It takes two to compromise or negotiate, but expressway supporters refused even to consider the many alternatives proposed by Friends of Red Hill and others.
By Don McLean
Published October 07, 2005
It is curious that Marvin Caplan, a former city councillor who supported the Red Hill Creek Expressway, now offers helpful advice to opponents of the project. Less surprising is that he thinks we should have "compromised" by abandoning our efforts to protect Hamilton's largest park in return for some concessions. His comments are problematic on a whole series of levels.
He claims that there were no alternatives to building the road, conveniently forgetting that David Crombie laid out a very detailed alternative in 1994, the year Mr. Caplan was elected to city council. Crombie was a former conservative cabinet minister appointed by the provincial government specifically to find a compromise. His proposal - a valley road without the six interchanges that will cut the greenspace into 30 pieces - was accepted by Friends of Red Hill Valley, but completely rejected by pro-expressway politicians and organizations.
This wasn't the only time that Friends of Red Hill and other expressway opponents sought a compromise. The provincial NDP government in 1990 offered funding for a north-south road outside the valley, but that was also rejected. More than one proposal for a modified Highway 20 met the same fate.
Mr. Caplan seems to forget that it takes two to negotiate or compromise. He offers not a single instance in which pro-expressway councillors or their backers in the development sector and the Chamber of Commerce gave the slightest indication of a willingness to talk. Indeed, all them took the position for nearly twenty years that "the debate is over" and refused even to discuss the issue, much less negotiate with opponents.
Mr. Caplan makes reference to the Council decision to call some hazard lands in upper Stoney Creek a replacement for the lost valley lands. He neglects to point out that this idea was first raised after the expressway construction began, and after Mr. Caplan was removed from council. His memory that "some members of council managed to wrest several major concessions on the construction and implementation of the Expressway" is news to me and, I expect, to everyone else who opposed the project.
What is most amazing, however, is that Mr. Caplan can suggest there was a possibility of negotiations or compromise given council's decision last fall to sue opponents of the road, and to sue more than 60 federal government employees for trying to do their job to ensure that Red Hill went through a proper environmental assessment.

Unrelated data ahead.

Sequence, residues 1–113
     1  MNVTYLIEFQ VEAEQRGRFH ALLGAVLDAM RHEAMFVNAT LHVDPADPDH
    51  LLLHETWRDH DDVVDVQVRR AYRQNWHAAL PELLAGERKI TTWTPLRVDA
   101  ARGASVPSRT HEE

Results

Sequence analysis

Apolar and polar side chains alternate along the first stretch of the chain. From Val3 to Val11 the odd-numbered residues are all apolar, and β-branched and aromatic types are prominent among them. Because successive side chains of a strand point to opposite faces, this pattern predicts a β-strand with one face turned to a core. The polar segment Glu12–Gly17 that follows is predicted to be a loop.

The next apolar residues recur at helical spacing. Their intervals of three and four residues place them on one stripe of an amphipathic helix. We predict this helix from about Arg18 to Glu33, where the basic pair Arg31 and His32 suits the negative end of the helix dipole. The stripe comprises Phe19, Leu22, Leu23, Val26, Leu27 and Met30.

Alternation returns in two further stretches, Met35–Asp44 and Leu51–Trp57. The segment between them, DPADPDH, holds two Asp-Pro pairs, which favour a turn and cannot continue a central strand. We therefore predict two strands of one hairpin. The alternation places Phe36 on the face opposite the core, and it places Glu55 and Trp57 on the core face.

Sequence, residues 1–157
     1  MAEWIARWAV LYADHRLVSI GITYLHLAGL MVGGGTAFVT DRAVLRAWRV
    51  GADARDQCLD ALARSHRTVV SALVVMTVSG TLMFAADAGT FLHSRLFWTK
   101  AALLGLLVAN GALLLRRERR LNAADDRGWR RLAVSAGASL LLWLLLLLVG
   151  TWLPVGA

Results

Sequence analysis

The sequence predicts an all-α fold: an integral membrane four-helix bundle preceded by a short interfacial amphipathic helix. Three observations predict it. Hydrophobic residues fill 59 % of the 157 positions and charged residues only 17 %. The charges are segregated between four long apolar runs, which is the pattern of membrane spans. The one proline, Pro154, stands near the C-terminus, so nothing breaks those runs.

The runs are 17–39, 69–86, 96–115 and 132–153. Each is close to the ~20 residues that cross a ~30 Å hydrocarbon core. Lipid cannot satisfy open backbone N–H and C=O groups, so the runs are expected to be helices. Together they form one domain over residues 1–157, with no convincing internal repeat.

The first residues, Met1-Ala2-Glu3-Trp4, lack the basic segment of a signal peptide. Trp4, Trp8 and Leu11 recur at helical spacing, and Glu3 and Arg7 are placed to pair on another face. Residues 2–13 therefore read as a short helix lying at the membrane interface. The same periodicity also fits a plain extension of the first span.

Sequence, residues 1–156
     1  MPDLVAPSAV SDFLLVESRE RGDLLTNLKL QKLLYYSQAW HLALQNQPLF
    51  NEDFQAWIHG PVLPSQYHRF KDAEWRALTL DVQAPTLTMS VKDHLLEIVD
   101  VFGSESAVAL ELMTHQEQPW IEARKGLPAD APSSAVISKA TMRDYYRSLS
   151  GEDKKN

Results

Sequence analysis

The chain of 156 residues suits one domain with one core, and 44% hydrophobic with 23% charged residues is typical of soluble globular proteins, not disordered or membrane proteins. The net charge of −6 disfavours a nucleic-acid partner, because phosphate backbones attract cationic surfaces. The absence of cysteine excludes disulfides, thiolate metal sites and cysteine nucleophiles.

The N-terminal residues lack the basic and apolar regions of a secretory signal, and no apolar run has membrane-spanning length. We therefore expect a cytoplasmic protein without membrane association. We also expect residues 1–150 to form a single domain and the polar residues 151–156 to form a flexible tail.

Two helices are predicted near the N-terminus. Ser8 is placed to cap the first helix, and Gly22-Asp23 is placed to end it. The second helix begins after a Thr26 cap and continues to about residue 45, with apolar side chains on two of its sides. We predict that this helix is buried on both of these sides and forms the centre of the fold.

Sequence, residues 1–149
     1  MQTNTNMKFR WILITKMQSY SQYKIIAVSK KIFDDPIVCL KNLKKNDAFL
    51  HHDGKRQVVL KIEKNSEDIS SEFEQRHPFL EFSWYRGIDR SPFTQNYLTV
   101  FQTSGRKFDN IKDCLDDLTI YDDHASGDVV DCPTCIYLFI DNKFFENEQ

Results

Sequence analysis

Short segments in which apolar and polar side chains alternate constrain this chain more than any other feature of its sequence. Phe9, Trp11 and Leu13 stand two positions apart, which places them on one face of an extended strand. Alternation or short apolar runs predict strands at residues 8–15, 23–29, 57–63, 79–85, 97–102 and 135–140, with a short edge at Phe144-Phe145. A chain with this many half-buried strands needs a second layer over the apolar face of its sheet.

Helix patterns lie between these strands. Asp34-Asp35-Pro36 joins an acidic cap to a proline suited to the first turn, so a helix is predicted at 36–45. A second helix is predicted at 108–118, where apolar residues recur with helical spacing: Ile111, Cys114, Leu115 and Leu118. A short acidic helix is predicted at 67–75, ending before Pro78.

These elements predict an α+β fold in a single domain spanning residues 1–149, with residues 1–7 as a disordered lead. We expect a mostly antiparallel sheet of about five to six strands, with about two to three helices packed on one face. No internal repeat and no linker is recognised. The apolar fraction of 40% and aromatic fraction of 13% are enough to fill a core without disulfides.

Note that this decision took place a full year after the chainsaws and bulldozers had taken over the valley. Bill Dunphy of the Hamilton Spectator got it right when he described this as the city returning to the battlefield to shoot the wounded.
So I would suggest that Mr. Caplan's "solution" is neither practical nor honest. Nevertheless, it is very important to discuss why citizens ultimately failed to protect Red Hill Valley and what lessons that holds for other efforts to alter the developer-driven agenda at city hall.
In a backhanded sort of way, Mr. Caplan does offer one practical solution. Citizens can and should work hard to replace problematic councillors. That's what they did to Mr. Caplan in 2003 and that's what they need to do in many more wards in November of next year. Good candidates need to start knocking on doors in January, and residents who really care about change should be at their side.
A second lesson of the Red Hill struggle is that we must work to expand the media in Hamilton. When the only daily paper, the only news radio station, and the only television station all lined up in support of the expressway, the task of unravelling the spin and outright lies on Red Hill became extremely difficult.
No city of this size in Canada has so few mass media outlets. For example, Winnipeg and Quebec City each have four television stations. Hamilton's situation is made even worse by the fact that the weekly newspapers are have the same ownership as the Spectator. We must have more sources of information and opinion.
I've put much of my recent efforts into CATCH, a group that monitors city meetings and tries to increase the flow of civic information to the public. This experience has also underlined a third answer to Ryan's question: if you want to change minds at city council, you need to get to know the councillors and the issues they are grappling with.
In any battle over a specific issue, it is easy to divide decision-makers into good guys and bad guys (with apologies to women politicians, of whom we need many more). That's also a good way to make sure no one's mind changes, to make sure no backward councillor learns anything, and to leave the "convincing" task to the other side.
Overall, I think there's also a very disturbing lesson for Hamiltonians from the Red Hill battle. Politics in this city is a winner-take-all game, or what Dana Robbins recently referred to as a "blood sport". The elite views all opposition as tantamount to revolution, and treats all opponents as sworn enemies. That's probably the main reason Hamilton is doing so poorly.
Leadership means serving everyone, not just your friends or those who agree with you.
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